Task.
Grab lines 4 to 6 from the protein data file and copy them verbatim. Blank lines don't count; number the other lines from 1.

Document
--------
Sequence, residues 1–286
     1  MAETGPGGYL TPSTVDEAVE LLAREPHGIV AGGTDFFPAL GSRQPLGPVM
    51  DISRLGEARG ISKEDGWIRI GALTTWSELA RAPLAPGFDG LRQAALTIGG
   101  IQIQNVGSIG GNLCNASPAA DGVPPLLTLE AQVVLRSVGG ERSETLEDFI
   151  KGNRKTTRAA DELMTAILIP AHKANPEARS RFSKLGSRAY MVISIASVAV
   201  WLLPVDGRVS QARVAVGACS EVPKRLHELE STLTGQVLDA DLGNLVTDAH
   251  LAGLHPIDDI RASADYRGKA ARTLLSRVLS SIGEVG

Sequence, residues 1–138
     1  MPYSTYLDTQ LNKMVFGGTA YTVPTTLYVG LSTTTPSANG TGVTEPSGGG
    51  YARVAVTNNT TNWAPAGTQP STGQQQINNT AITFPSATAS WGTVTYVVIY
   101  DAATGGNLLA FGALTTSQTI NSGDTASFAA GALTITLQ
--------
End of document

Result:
   101  IQIQNVGSIG GNLCNASPAA DGVPPLLTLE AQVVLRSVGG ERSETLEDFI
   151  KGNRKTTRAA DELMTAILIP AHKANPEARS RFSKLGSRAY MVISIASVAV
   201  WLLPVDGRVS QARVAVGACS EVPKRLHELE STLTGQVLDA DLGNLVTDAH